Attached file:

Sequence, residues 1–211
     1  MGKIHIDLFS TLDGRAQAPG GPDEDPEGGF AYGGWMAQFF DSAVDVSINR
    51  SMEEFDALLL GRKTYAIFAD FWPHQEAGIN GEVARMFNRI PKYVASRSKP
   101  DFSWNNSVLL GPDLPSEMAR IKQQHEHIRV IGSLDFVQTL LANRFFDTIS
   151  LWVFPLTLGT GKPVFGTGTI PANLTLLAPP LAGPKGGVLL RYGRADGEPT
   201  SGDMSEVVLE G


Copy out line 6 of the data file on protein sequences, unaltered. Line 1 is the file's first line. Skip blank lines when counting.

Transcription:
   201  SGDMSEVVLE G